The city has a contract with the RDC, which in turn signed contracts for the design, construction, and management of Beale Street Landing. With several million dollars already spent, it’s not likely that the mayor and City Council will pull the plug on the Beale Street Landing and the RDC. Unless the board acts on it own, as it did on the land bridge, Memphians will have a $27 million tourist bauble.

MATA is another semi-autonomous agency, responsible for the costly and baffling extension of the Madison trolley line to Cleveland in Midtown. With the MPO, MATA is actively studying alternative routes to the airport. The lure of big construction contracts and “free money” in the form of state and federal funds is driving the project.

Once again, unless the board acts or the mayor and City Council specifically target this project, Memphians will wind up paying for it.

Want to respond? Send us an email here.

Tuesday, November 1, 2005

CITY BEAT: Waiting for the Big One

Should we be quaking in fear of catastrophic disaster? Nah.

Posted By on Tue, Nov 1, 2005 at 4:00 AM

One of the aftereffects of Hurricane Katrina was that journalists and politicians predictably raised the specter of “Earthquake Memphis” in the same breath.

Last week, The Commercial Appeal ran a couple of front-page stories on “the greatest natural-disaster threat to the Mid-South,” beginning one of them with the ominous thought that “When a catastrophic earthquake rumbles out of the New Madrid fault, it won’t just be Memphis’ problem.”

And last Friday night, if you passed on the free music on Beale Street and high school football, you could have attended a public forum on earthquake preparedness at the University of Memphis.

These urgent warnings left me unmoved. I fear falling trees, which crush a few houses on my Midtown street every year or so. I spend a few hundred dollars to trim mine every year and wish that my power lines were buried underground like they are in the suburbs.

I fear hurricanes, which tear up the Gulf Coast I love every year. I try to avoid visiting the coast when there is a storm warning.

I fear ice storms and windstorms, like the ones that hit Memphis in 1993 and 2003. I’m grateful for the linemen who work for MLGW.

I fear drunk drivers, terrorists, criminals with guns, and contagious diseases. I try to avoid them, and I support the DUI and gun laws and the efforts of the police, FBI, federal prosecutors, and research doctors — even if I don’t get an annual flu shot.

I fear fires, and I pay $1,122 a year for homeowners insurance.

But I don’t feel the same way about earthquakes. That’s a risk I can live with. I won’t even spring for the extra $255 a year it would cost for an earthquake policy on my home. For one thing, the 10 percent deductible would leave me liable for the first $18,000 in repairs. The deductible on my standard policy is $500, which tells you something about how the insurance industry views risk.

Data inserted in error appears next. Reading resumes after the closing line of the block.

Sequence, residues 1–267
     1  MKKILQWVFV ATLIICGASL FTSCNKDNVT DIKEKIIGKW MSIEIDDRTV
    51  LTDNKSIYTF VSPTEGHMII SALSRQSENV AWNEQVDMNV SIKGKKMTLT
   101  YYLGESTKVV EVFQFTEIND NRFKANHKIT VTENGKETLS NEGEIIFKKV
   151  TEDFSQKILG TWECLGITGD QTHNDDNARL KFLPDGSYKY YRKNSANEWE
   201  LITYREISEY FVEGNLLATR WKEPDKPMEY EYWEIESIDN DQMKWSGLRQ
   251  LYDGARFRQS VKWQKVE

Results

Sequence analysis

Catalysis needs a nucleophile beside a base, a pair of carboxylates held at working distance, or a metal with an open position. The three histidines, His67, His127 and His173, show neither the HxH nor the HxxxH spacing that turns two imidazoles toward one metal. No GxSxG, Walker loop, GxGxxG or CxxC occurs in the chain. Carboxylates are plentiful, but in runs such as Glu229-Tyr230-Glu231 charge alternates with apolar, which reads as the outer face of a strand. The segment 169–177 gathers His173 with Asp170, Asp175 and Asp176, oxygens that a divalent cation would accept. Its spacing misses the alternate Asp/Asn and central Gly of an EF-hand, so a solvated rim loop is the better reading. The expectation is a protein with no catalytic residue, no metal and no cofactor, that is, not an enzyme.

But the real reason is it just doesn’t seem worth it. The famous New Madrid earthquakes were back in 1811 and 1812. No building or home in Memphis that I know of has been knocked down by an earthquake. If I lived in California, where nine of the 10 most devastating earthquakes in the history of the United States have occurred (the other one was in Alaska), then I would probably feel differently.

Most of the preventive measures recommended by federal agencies and preparedness organizations strike me as silly. It’s common sense to keep a stock of food, water, and batteries, but does anyone seriously practice “Drop, Cover, and Hold On” at least twice a year? Or replace windows with tempered glass? Or secure china cabinets and book cases to wall studs? Or use double-sided Velcro, bee’s wax, fishing line, or bungee cords to hold down trophies, potted plants, computers, and televisions?

If I’m killed by a falling bowling trophy, I figure my number was up.

The U.S. experiences 2 percent of the world’s earthquakes. Some 3,300 Americans have died in earthquakes in the last century. More than 1,000 died in Katrina in one week. FEMA has estimated that over time earthquakes could cause annualized losses of $4.4 billion nationwide and $17 million in Memphis. The Katrina cleanup could cost $250 billion.

The first impulse of journalists and politicians after a natural disaster is to visit the scene and tell the story. The second impulse is to find someone to blame. And the third impulse is to propose a “solution” which involves shifting millions or billions of tax dollars around.

As individuals and as communities, we make decisions about risks and rewards. Equating earthquake risk in Memphis with earthquake risk in California or hurricane risk on the Gulf Coast is illogical, irresponsible, and will lead to bad public policy.